Google Wave is 1 year old today, but will anybody show up to the party?

Google Wave is 1 year old today, but will anybody show up to the party?

Google Wave is now officially one year old today, but despite Google’s admirable year long dedication to Wave as well as opening it up to anyone with a Google account last week at Google I/O, we’re wondering if people are ever going to show up to the party.

Yes, Google has gone to great lengths to say that Wave is being used by schools, for collaboration, at conferences, etc, but many of these uses seem to be for academics/education, and not the general public. Certainly, people receive a better education when they collaborate, but there were plenty of existing online collaboration tools available to educators long before Wave debuted. Heard of IM?

Doesn’t really meet a need

Wave has the same problem one year in as it did when it launched – it doesn’t really meet any real needs. We have phones, Skype and IM for real-time communication, we’ve got Google Docs to collaboratively edit docs online, we’ve got picture and video sharing services, and yes, we have email, which in case you haven’t forgotten was supposed to be made obsolete by Wave. Even a one year old can figure out that that hasn’t happened.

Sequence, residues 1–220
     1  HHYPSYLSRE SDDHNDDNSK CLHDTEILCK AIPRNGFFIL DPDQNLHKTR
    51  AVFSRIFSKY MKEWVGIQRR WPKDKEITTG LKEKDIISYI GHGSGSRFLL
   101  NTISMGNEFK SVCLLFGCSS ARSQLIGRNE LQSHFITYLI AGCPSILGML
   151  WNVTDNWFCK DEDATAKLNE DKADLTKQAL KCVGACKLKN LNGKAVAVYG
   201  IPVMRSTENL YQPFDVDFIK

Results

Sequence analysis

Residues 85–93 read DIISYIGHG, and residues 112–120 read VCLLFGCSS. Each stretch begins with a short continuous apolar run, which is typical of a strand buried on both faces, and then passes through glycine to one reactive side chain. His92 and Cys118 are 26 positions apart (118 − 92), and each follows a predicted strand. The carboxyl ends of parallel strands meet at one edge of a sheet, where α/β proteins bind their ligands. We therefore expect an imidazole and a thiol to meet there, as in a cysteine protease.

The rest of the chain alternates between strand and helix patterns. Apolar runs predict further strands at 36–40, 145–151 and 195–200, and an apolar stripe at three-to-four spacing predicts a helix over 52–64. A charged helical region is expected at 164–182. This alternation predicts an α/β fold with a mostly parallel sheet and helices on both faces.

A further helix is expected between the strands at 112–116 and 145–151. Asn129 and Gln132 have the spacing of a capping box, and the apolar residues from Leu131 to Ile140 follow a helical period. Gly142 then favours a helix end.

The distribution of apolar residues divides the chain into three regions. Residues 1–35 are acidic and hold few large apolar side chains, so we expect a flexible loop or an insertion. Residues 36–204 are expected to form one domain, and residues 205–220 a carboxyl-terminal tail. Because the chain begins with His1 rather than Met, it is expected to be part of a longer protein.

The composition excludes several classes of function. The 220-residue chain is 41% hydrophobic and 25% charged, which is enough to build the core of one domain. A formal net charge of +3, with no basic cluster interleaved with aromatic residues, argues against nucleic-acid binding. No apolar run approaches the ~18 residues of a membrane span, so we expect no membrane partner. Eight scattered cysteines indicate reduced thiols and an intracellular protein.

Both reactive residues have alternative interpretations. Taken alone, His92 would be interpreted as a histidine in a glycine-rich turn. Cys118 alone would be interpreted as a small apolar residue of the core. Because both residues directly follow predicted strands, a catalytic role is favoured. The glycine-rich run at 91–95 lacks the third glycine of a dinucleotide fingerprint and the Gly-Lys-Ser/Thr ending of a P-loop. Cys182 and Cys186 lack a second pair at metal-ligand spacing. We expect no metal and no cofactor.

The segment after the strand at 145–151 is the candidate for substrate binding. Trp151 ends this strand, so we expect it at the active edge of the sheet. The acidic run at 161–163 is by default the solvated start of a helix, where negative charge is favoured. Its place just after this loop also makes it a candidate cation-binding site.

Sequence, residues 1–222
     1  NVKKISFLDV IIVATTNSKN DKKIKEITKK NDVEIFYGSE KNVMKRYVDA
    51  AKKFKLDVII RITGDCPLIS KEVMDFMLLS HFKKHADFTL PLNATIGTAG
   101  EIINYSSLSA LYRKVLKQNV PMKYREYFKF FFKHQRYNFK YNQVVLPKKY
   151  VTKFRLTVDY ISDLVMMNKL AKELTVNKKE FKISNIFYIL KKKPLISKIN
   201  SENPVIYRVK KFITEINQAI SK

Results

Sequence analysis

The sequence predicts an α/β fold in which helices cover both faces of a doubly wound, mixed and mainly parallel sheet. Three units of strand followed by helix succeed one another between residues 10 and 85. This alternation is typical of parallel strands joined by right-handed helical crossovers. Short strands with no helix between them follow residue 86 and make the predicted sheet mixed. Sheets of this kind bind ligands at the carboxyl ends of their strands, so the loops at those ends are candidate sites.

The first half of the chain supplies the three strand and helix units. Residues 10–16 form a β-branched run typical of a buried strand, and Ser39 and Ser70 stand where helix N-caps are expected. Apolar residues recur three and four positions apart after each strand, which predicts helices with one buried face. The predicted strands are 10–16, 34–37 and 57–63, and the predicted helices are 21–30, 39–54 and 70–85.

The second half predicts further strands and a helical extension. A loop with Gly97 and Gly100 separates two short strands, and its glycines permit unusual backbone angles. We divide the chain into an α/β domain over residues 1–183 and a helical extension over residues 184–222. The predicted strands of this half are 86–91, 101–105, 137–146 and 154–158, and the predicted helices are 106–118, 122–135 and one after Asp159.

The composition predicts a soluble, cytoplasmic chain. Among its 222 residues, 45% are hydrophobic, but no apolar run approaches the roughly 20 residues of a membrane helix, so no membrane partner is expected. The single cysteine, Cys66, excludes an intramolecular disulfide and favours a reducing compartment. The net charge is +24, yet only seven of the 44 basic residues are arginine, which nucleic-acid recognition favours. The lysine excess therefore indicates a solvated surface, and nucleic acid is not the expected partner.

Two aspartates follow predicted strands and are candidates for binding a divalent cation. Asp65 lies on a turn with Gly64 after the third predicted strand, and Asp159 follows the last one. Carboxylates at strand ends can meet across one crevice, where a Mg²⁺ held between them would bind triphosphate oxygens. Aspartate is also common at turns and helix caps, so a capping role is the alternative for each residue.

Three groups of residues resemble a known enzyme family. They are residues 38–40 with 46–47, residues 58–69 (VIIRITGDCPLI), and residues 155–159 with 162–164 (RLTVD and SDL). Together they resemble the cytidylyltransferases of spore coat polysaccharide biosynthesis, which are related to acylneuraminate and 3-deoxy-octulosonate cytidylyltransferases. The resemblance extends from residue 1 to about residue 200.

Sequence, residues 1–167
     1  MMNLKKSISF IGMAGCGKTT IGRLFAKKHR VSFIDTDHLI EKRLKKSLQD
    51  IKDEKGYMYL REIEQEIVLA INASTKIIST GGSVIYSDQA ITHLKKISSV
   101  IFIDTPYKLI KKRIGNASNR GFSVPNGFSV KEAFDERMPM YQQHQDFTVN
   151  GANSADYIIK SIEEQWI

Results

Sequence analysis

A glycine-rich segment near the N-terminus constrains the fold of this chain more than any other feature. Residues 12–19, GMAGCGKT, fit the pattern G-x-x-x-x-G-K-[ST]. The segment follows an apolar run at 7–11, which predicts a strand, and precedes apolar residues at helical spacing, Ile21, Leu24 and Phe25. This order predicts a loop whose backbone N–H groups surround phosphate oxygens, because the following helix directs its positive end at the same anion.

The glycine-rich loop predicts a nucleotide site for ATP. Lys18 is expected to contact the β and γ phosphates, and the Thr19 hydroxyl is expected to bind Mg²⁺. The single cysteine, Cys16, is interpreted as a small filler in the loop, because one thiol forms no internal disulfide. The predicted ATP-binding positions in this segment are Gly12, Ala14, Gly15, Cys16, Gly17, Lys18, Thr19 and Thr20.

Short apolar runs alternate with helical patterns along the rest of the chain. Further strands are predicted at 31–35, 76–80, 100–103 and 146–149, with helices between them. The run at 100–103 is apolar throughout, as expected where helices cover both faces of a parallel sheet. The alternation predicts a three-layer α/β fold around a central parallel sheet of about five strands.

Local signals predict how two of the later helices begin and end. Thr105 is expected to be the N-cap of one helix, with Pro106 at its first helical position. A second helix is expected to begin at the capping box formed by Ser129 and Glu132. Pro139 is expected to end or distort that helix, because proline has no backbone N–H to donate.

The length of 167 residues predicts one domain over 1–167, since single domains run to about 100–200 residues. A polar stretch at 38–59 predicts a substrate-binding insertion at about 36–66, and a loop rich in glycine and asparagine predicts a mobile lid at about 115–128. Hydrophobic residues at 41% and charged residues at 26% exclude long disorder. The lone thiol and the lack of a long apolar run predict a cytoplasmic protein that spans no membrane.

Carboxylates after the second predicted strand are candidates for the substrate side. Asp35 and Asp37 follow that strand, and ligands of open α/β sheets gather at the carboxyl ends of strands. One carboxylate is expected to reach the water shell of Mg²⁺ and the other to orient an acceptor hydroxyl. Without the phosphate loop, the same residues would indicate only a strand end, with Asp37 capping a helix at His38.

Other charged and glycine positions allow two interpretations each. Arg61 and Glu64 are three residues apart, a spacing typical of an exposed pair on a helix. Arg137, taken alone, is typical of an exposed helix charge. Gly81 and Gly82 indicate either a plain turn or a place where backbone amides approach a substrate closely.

To help the earthquake response in Haiti, Crisis Camps sprung up all over the world to crowdsource and map information coming from the disaster zone. During the first day of camps, many people suggested that volunteers use Wave to collaborate, but it quickly became apparent that it just didn’t do anything better than other existing tools (including Etherpad, which Google acquired to integrate into Wave). It’s true that a few people did decide to push forward using Wave, but the vast majority of the volunteers didn’t.

That said, we at The Next Web use Wave to coordinate our weekly podcast – but while it does the job, it doesn’t particularly do the job better than email or our internal social network would.

It’s just an experiment, live with it

Wave is an experiment, and Google would be best served if it keeps that in mind. Perhaps it will attract a loyal following among academics and educators, and frankly, that’s not a bad thing – online collaboration software for education is a big (not Google big, but still big) business and if Wave can help people to get a better education, then it will have found a noble existence.

However, Google is in the fight of its life with Apple right now, and it needs to focus its energies like never before, so most likely Wave will never get out of Labs, will get a cult following from people that get it and that will be it. Email is safe for awhile yet.

If Google continues to push Wave as a revolutionary product that everyone will one day use, on the other hand, they could end up with cake on their faces.


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